One week after colliding with a Los Angeles skyscraper in her car, Hollywood actor Anne Heche has been deemed legally dead, a spokesperson announced on Friday.
Heche, 53, had been unconscious in a hospital since the catastrophic collision on August 5 due to a severe head damage.
She is “legally dead according to California law” after losing all brain activity, but her family is keeping her body on life support while looking for organ donors, according to spokeswoman Holly Baird.
“Today we lost a bright light, a kind and most joyful soul, a loving mother, and a loyal friend,” the family said in a joint statement.
“Anne will be deeply missed but she lives on through her beautiful sons, her iconic body of work, and her passionate advocacy.
“Her bravery for always standing in her truth, spreading her message of love and acceptance, will continue to have a lasting impact.”
Heche, best known for 1990s movies “Donnie Brasco” and “Six Days, Seven Nights” as well as a high-profile relationship with talk show host Ellen DeGeneres, crashed her car into a two-story house in the Mar Vista neighborhood of Los Angeles.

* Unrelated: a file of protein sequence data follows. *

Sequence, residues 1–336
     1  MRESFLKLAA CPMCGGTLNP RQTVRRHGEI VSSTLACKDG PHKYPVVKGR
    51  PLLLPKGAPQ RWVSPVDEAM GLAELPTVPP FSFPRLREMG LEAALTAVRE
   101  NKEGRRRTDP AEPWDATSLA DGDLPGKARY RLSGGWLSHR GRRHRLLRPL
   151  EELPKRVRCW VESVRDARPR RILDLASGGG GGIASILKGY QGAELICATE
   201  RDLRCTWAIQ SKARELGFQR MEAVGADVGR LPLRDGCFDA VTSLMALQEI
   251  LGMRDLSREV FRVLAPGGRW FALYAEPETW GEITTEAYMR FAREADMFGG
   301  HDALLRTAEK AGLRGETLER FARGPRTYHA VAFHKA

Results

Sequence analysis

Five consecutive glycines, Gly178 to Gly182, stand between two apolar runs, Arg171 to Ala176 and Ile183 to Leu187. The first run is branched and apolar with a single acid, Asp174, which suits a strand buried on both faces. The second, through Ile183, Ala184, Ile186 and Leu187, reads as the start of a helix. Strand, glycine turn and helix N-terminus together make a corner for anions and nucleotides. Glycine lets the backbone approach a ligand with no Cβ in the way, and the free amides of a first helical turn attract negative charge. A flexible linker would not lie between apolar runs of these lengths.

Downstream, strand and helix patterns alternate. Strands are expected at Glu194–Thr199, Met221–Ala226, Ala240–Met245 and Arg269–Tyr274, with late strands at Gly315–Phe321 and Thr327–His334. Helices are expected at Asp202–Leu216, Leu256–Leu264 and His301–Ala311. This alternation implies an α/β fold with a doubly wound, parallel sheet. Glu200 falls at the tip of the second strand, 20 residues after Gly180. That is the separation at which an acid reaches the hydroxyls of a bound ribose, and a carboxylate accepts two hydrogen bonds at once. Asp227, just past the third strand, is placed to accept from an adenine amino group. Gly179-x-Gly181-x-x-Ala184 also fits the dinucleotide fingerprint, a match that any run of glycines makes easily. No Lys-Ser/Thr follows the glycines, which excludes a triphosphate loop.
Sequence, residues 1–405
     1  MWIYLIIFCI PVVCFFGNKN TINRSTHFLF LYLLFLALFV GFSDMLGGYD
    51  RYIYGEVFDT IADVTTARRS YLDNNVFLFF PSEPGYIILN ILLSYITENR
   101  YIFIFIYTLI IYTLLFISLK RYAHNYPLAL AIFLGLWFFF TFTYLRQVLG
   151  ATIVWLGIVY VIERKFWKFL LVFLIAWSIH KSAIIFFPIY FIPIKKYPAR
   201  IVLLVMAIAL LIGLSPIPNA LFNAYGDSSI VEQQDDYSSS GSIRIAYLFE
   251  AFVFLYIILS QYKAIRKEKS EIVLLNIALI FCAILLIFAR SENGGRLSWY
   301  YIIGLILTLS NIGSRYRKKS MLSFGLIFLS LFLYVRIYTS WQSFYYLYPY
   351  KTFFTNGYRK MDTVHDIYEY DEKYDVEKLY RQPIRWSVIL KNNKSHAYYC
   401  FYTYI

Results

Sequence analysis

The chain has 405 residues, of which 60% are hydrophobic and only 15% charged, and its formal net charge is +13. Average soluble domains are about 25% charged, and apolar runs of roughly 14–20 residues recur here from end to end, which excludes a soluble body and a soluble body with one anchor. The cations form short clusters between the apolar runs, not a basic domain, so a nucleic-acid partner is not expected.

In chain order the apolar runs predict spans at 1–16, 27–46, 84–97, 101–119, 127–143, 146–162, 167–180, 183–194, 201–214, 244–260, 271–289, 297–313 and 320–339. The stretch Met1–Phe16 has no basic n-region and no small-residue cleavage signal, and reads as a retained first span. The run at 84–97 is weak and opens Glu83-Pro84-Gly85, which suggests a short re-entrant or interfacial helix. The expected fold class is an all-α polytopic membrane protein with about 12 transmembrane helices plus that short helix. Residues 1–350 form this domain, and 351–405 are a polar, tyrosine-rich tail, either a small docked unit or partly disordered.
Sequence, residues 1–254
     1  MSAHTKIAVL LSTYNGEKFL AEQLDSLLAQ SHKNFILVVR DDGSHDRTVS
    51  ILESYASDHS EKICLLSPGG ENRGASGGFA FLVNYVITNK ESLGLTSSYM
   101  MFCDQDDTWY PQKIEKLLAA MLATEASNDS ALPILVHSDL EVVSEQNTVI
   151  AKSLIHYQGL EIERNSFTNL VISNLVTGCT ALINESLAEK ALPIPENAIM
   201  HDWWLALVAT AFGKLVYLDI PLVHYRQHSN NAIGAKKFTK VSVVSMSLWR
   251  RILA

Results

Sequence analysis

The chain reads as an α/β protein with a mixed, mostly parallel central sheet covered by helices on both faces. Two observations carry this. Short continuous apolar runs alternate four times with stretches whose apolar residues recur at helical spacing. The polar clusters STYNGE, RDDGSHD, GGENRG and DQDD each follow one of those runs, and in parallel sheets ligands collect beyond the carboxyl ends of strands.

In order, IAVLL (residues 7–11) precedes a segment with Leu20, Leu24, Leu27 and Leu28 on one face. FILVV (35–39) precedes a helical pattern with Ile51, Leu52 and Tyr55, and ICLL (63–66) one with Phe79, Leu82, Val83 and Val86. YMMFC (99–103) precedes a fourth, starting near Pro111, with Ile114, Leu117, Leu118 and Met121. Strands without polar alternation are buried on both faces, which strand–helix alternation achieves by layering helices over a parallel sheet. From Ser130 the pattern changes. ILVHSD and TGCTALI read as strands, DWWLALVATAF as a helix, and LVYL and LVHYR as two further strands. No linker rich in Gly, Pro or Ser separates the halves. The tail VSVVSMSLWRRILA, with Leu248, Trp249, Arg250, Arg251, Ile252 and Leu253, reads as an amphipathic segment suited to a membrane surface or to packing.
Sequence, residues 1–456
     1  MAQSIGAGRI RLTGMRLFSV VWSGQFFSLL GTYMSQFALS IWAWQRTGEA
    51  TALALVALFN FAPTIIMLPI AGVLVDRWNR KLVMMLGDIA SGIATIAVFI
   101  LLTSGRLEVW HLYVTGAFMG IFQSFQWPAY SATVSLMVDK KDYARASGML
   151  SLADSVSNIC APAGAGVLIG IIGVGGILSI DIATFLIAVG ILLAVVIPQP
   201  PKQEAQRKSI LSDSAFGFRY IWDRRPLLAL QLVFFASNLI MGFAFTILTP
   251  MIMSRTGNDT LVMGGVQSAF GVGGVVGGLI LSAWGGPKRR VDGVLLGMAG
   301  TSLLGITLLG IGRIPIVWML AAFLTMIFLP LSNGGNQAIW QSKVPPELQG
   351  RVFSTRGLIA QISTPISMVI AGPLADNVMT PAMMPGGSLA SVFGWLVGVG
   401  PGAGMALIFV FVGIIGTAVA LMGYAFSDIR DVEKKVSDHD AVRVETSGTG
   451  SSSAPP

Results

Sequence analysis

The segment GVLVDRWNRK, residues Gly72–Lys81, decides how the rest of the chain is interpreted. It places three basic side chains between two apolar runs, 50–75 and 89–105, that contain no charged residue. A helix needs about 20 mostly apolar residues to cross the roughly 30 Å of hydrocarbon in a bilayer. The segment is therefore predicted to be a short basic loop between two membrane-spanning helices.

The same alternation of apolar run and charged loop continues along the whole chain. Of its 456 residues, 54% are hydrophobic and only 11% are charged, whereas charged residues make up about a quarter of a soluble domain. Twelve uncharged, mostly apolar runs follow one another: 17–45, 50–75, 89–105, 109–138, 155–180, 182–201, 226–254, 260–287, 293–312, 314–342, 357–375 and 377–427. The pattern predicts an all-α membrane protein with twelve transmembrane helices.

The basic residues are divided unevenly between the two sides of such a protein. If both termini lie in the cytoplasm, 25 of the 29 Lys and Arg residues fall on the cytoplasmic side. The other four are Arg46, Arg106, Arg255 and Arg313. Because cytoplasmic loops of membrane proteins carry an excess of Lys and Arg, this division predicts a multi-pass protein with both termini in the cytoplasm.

The Los Angeles Fire Department said that the forceful accident caused “structural damage and… significant fire” at the location. According to the agency, it took 59 firemen more than an hour to confine and completely put out the succeeding fire.
Heche’s blood had tested initially positive for narcotics, according to local media on Thursday, but additional testing was required to make sure the drugs had not been given to her during treatment.
Celebrity gossip outlet TMZ, citing unnamed police sources, said Heche had tested positive for cocaine and fentanyl, with the latter sometimes used for pain relief in clinical settings.
Heche rose to fame with her role on the soap opera “Another World,” for which she won a Daytime Emmy in 1991.
She was nominated for a Tony award for her appearance in “Twentieth Century” on Broadway in 2004.
“My brother Atlas and I lost our Mom,” Heche’s son Homer Laffoon said in a separate statement.
“Hopefully my mom is free from pain and beginning to explore what I like to imagine as her eternal freedom,” he wrote.